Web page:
World Malaria Day
World Malaria Day is a day marked to highlight the global efforts to control malaria and celebrate the gains that have been made. Since 2000, the world has made historic progress against malaria, saving millions of lives. However, half the world still lives at risk from this preventable, treatable disease, which costs a child’s life every two minutes. Therefore this is a day to also highlight the need to step up the fight to accelerate progress against the preventable and treatable disease.
The theme for World Malaria Day 2019 - ‘Zero Malaria Starts with Me’ – aims to empower individuals across the world to make a personal commitment to saving millions more lives, and help communities and economies to thrive by ending malaria.
Decades of significant progress against the disease have slowed as cases of malaria increased in 2016 and 2017, after more than a decade of steep decline. This global campaign seeks to re-energise the fight to eliminate the disease, which still threatens half of the global population and kills one child every two minutes.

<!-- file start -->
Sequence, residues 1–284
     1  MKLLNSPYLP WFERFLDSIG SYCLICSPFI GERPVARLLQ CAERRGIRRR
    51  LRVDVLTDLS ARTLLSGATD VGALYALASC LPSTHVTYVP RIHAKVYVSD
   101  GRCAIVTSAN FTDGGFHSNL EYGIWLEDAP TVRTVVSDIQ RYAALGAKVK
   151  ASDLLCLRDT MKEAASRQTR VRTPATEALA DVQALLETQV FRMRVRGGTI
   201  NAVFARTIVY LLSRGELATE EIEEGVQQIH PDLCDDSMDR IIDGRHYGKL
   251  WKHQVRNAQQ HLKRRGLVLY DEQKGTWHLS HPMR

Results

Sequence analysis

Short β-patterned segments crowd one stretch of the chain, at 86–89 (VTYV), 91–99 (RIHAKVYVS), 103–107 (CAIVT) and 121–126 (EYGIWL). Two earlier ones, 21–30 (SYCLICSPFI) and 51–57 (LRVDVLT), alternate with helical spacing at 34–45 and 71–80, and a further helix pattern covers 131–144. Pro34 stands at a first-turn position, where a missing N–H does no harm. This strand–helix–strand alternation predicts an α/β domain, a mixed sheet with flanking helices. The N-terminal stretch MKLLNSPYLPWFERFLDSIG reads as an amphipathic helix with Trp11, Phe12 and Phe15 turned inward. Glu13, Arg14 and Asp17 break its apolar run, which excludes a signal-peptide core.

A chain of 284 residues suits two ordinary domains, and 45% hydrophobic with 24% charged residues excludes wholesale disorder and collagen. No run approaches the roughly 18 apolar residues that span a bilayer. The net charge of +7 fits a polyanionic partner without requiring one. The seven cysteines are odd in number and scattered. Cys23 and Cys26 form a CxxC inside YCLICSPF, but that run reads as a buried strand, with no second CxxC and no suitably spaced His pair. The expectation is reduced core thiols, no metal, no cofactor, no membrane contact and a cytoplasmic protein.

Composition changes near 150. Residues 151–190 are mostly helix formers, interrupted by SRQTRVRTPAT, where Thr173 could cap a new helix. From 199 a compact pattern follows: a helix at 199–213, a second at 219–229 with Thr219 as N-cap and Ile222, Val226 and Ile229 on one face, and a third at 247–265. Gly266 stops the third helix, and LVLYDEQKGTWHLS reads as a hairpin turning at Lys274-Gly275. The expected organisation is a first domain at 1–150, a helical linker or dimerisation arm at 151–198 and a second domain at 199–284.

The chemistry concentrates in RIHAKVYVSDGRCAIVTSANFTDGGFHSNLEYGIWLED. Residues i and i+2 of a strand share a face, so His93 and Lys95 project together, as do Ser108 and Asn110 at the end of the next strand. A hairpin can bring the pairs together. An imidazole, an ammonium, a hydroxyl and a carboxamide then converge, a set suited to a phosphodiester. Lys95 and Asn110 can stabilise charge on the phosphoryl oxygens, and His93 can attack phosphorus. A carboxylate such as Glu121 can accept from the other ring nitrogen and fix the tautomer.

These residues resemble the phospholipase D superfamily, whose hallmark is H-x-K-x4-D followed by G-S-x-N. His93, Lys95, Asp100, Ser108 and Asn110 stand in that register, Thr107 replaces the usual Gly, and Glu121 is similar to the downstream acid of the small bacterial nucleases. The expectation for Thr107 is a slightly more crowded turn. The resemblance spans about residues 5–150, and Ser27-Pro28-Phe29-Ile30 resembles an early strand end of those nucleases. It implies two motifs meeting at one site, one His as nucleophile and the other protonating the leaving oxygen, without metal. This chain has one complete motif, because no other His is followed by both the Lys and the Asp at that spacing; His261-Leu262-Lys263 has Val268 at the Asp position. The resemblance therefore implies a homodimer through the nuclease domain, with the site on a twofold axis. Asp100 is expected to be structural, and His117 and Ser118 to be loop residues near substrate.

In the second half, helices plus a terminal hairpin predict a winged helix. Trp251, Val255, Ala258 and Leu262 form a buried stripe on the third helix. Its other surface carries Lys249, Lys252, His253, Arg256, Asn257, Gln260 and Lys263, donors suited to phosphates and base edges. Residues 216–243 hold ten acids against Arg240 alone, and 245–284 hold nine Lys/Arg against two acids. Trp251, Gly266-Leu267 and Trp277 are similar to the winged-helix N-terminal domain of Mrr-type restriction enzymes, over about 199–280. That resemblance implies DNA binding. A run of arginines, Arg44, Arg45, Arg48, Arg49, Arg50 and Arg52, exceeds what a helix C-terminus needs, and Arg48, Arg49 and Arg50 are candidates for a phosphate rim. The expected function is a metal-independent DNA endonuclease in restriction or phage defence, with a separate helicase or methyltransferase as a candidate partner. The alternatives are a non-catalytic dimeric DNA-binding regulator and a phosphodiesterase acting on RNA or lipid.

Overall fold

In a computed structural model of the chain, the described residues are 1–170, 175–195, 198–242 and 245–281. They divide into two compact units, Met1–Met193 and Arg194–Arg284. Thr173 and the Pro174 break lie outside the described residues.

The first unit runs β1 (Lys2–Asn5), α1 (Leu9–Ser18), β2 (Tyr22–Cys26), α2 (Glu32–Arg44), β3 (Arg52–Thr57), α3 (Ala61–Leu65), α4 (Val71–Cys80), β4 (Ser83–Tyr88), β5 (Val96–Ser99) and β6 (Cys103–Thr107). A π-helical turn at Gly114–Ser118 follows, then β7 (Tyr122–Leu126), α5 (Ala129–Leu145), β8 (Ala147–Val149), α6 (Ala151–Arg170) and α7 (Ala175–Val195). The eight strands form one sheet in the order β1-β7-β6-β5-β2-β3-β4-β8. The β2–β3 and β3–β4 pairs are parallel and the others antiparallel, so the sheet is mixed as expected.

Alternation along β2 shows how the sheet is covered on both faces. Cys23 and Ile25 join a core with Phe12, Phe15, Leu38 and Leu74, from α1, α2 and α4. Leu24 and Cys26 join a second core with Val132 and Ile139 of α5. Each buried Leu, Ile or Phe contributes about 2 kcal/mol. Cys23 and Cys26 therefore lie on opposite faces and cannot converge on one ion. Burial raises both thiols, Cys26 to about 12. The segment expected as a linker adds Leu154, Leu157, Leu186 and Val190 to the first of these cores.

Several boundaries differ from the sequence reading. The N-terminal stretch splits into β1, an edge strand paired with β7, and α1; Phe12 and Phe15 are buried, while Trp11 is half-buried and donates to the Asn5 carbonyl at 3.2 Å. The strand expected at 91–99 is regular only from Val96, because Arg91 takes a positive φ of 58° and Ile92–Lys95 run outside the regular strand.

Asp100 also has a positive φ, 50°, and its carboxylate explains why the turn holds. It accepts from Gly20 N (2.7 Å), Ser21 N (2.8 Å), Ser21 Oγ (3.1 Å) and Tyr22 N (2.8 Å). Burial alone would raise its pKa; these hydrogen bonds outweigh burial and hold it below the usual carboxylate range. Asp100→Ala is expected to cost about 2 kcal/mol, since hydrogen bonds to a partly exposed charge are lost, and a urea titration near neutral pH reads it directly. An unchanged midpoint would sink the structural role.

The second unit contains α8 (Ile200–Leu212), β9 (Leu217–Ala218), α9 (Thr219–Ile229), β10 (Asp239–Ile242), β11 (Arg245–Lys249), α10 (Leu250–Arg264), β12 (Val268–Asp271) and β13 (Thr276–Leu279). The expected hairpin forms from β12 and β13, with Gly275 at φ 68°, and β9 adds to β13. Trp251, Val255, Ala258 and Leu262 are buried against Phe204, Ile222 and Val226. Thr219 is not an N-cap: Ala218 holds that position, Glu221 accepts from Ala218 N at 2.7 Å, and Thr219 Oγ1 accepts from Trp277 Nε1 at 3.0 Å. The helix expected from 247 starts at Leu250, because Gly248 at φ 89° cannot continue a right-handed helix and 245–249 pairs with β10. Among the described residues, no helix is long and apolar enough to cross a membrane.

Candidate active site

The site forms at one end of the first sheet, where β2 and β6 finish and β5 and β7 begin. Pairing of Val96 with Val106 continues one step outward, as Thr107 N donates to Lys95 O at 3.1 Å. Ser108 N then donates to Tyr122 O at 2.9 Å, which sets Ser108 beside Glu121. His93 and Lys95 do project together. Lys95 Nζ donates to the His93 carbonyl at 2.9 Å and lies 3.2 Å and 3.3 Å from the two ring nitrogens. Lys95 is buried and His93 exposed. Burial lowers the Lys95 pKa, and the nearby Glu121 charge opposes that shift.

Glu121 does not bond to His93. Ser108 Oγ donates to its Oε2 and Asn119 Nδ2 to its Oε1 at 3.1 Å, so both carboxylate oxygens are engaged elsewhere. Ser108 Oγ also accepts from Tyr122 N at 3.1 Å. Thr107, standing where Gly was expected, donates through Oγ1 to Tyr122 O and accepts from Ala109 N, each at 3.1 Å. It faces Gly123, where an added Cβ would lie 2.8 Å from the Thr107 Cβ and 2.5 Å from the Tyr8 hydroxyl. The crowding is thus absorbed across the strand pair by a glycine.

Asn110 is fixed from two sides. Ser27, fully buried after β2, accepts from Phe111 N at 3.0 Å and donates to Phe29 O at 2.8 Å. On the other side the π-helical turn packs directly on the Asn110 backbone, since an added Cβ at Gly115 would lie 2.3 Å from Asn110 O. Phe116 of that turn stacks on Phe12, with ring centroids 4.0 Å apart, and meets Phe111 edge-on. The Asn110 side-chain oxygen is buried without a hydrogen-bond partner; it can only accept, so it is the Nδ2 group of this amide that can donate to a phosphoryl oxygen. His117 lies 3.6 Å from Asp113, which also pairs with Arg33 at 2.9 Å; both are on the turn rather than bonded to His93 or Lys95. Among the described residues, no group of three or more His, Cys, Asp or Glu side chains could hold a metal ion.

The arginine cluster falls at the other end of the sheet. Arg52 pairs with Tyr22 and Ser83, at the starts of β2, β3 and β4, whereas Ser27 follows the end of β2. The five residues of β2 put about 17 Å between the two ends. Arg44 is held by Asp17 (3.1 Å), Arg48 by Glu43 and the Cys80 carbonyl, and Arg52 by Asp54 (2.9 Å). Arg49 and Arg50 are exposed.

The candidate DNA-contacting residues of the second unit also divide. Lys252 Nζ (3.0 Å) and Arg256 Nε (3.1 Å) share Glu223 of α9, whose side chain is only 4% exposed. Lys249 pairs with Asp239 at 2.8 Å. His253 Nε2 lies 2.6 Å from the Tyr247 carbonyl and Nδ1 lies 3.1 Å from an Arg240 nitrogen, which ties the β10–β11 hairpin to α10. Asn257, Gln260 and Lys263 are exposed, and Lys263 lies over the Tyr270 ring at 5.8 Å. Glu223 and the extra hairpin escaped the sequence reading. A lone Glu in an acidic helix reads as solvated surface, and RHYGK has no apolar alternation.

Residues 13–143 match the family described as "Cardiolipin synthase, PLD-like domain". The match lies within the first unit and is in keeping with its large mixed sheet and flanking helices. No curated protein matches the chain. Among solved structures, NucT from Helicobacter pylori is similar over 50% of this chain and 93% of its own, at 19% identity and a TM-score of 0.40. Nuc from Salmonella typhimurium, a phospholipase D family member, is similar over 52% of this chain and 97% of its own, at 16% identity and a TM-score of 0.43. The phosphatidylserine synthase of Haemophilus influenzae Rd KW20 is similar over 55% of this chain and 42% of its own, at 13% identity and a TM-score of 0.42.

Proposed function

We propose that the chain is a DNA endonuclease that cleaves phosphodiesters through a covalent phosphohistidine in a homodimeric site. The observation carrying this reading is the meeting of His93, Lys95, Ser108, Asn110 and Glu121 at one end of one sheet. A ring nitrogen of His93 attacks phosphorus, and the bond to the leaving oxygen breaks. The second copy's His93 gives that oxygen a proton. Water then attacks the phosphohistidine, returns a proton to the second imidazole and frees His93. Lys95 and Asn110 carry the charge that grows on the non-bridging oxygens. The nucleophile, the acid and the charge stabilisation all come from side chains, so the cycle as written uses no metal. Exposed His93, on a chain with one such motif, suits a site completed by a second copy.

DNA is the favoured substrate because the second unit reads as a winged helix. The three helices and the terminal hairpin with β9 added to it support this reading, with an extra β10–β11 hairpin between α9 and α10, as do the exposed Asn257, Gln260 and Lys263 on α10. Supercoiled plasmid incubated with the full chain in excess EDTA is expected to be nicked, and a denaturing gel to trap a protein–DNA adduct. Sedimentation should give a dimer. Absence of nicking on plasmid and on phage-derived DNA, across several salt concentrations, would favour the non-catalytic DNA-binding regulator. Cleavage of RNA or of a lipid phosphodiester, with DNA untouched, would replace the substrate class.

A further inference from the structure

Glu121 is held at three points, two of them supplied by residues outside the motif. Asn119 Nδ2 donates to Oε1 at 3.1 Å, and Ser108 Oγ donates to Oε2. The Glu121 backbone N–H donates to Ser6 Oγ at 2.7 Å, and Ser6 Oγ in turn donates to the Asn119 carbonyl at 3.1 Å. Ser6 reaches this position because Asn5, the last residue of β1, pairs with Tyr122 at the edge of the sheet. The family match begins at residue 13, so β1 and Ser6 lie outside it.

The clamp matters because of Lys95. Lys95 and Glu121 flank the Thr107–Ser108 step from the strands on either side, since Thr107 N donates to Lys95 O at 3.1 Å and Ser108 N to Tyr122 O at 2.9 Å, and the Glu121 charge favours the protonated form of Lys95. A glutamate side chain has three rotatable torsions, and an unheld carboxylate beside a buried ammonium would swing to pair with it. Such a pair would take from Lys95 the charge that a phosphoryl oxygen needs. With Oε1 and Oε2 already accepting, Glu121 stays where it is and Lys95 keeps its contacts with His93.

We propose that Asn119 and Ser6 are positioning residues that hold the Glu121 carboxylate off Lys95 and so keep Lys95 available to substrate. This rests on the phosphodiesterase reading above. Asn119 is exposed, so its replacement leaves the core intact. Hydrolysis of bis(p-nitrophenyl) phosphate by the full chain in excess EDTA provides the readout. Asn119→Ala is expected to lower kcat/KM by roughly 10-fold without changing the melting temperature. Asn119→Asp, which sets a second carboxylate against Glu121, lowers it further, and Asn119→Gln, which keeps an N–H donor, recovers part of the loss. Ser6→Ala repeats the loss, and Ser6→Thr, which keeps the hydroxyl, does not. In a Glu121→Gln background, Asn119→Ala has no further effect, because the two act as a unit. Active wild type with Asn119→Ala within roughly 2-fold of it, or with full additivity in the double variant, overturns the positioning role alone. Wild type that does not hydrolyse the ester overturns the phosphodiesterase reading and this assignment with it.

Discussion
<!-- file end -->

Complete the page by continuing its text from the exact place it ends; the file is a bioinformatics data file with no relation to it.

World Malaria Day presents an opportunity to engage global leaders, civil society, the private sector, academic institutions and the general public in countries around the world.
Dr Tedros Adhanom Ghebreyesus, World Health Organization Director-General said:
“Globally, the world has made incredible progress against malaria. But we are still too far from the end point we seek: a world free of malaria. Every year, the global tally of new malaria cases exceeds 200 million. And every 2 minutes, a child dies from this preventable and treatable disease. The damage inflicted extends far beyond loss of life: malaria takes a heavy toll on health systems, sapping productivity and eroding economic growth. Ultimately, investing in universal health care is the best way to ensure that all communities have access to the services they need to beat malaria. Individual and community empowerment through grassroots initiatives like Zero malaria starts with me can also play a critical role in driving progress.”